The recent article “The worlds most powerful tech regulator: Martin Selmayr” (April 11) misses several key points, including the role played by the people in pushing data privacy legislation forward.
Far too often, we hear the excuses that “privacy is dead” or “the public dont care about privacy” from those who would seek to exploit it. But the reality is we would not be where we are today if that was the truth.
As the person who led the campaign against Phorm that was the catalyst to the significant regulatory changes mentioned in the article, I can tell you that the people played a crucial part.
In 2008, I led a grassroots campaign against Phorm and BT that Selmayrs team told me was one of the largest such campaigns they had ever encountered. The campaign kicked the Commission into action against these modern privacy concerns. Indeed, the entire regulatory landscape that has since been built can be traced back to that grassroots effort 10 years ago.
I personally wrote to European Commissioner Viviane Reding to lodge a complaint about the U.K.s request for infringement proceedings. As was noted in your piece, the complaint is what led to changes to U.K. law and prompted the Commission to propose sweeping changes to the ePrivacy Directive via the Telecoms Reform package in 2009. The change — which incidentally earned me the nickname of “Cookie Monster” in Brussels — paved the way for the creation of the EUs forthcoming GDPR regulation as well as its ePrivacy Regulation.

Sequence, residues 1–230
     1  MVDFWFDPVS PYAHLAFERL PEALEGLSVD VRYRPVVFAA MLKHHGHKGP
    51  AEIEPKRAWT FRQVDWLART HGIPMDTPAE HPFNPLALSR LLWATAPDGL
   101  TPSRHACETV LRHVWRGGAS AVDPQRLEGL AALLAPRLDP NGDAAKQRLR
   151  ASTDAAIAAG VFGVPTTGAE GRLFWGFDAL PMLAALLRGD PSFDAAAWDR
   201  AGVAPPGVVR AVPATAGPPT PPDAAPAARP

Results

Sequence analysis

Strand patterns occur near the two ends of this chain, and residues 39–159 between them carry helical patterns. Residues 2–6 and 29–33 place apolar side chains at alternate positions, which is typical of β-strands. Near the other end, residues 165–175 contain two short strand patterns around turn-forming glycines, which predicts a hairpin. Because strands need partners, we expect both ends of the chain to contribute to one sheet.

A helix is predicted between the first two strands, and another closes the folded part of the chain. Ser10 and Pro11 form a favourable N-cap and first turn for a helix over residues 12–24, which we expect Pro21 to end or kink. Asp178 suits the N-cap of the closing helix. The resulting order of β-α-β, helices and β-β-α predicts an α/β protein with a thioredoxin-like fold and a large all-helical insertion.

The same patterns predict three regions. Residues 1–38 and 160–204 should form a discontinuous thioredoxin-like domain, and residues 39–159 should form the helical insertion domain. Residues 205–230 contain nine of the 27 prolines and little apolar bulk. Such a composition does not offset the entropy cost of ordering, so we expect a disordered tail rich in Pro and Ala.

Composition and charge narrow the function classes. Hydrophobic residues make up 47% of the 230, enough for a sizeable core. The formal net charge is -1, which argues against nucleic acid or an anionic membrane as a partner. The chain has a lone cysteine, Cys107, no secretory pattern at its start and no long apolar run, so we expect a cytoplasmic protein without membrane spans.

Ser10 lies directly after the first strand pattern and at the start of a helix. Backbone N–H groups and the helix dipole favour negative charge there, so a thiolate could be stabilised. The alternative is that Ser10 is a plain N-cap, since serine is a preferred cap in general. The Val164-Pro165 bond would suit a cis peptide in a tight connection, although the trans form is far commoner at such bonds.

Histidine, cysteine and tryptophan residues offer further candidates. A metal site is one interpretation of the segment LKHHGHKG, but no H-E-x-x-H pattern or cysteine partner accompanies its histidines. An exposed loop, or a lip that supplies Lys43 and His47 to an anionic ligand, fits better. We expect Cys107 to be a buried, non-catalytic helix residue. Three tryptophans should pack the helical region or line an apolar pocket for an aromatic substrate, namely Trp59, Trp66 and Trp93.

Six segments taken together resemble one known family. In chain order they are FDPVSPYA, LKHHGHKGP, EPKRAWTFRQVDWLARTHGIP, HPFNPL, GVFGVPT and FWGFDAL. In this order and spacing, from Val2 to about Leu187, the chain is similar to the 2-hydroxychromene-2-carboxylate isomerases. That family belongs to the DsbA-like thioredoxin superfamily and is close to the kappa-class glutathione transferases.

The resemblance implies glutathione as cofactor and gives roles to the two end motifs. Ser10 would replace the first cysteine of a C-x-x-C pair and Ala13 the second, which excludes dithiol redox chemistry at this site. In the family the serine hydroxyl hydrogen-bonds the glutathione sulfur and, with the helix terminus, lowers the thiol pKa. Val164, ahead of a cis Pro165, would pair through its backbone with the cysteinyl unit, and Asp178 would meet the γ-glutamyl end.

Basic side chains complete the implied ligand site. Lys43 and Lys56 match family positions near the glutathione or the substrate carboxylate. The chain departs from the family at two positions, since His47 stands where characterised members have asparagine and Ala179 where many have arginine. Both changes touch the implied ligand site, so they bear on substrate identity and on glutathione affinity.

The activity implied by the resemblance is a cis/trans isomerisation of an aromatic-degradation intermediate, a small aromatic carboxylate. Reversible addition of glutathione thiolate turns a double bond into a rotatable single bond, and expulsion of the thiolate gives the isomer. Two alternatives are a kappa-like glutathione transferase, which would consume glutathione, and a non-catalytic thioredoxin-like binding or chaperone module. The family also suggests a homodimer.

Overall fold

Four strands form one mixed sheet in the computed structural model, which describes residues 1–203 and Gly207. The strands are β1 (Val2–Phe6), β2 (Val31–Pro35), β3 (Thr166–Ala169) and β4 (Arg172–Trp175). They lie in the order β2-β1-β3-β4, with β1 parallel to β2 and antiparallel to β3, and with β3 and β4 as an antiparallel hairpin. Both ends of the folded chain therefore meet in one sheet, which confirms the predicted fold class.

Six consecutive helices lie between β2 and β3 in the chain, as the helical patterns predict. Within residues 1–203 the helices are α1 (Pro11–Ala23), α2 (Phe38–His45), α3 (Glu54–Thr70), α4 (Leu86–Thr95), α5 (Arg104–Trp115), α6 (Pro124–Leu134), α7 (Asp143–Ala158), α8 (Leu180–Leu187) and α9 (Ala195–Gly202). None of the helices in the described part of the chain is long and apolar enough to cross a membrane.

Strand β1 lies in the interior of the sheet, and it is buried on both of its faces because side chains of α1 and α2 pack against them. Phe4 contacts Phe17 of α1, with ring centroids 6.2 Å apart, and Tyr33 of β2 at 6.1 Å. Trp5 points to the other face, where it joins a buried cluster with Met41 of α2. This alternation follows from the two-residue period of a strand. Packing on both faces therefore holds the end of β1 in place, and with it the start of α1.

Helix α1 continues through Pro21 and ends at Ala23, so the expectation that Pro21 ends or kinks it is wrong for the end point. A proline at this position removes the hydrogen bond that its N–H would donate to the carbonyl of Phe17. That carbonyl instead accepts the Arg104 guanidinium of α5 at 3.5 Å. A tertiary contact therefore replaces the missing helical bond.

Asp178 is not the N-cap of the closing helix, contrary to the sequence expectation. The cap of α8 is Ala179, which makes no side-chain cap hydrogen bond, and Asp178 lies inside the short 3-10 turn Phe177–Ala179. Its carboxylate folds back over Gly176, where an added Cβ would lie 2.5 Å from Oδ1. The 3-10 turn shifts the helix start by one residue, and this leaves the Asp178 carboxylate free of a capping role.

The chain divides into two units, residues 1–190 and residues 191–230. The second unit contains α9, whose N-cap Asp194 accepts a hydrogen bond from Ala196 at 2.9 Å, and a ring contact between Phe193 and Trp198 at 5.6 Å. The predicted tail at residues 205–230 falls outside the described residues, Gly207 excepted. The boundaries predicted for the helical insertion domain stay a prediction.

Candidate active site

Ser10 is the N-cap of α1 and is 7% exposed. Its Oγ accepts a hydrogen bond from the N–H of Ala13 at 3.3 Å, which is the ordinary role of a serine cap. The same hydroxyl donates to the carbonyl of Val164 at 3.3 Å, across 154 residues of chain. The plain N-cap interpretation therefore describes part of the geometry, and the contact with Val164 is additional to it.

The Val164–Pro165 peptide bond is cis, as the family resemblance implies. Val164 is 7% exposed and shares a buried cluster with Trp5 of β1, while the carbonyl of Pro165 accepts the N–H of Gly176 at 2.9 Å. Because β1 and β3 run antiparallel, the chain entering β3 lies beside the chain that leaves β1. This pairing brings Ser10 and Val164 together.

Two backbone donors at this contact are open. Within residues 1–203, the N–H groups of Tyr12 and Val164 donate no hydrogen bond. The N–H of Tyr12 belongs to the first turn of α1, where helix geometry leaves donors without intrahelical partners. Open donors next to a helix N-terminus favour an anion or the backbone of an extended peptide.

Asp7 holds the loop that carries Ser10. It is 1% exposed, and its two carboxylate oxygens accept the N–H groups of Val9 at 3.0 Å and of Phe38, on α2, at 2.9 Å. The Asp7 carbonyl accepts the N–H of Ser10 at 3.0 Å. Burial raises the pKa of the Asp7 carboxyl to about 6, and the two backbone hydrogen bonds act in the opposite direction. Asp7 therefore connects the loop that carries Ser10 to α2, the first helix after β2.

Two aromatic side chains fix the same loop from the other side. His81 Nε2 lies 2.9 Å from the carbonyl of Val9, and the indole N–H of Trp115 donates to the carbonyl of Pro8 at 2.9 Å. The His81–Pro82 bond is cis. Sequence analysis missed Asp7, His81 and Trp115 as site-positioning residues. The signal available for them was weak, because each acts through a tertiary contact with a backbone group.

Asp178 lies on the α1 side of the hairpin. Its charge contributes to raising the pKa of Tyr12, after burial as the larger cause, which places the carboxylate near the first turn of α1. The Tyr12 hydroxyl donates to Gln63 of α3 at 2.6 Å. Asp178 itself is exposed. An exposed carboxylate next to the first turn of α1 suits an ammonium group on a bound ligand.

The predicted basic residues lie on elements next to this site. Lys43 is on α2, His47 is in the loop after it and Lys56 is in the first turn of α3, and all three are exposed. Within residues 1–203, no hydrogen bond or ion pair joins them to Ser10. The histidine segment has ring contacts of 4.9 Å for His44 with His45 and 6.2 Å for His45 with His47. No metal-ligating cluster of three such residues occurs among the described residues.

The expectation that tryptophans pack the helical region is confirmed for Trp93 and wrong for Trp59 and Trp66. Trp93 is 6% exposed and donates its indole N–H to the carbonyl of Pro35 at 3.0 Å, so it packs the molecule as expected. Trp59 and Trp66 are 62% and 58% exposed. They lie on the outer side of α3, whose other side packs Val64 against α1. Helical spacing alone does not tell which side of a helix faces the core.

It was a small group of people fighting a billion-dollar behemoth in a designer suit that were the foundation of this new privacy regime — not Martin Selmayr.
To be sure, it is important to recognize efforts by the Commission and the Parliament in pushing through the legislation. But it is also important to realize that they were just doing their job. None of this would have happened had it not been for the public standing up and demanding justice.
This is a classic case of democracy in action, of David and Goliath. But more than that, it also validates the EU as a democratic society where all voices are heard.
GDPR, ePrivacy and future data privacy laws only exist because we demanded our rights be maintained. Let us not forget that this is the peoples victory, not Selmayrs. If we do, there may never be another one.
Think Privacy, CEO and co-founder